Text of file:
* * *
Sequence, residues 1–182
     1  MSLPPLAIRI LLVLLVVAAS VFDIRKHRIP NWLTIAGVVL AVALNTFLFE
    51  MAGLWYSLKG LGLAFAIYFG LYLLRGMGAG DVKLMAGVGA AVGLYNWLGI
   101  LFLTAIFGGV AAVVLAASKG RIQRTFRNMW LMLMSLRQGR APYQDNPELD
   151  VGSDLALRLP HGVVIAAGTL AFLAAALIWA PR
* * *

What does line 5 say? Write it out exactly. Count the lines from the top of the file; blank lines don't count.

   151  VGSDLALRLP HGVVIAAGTL AFLAAALIWA PR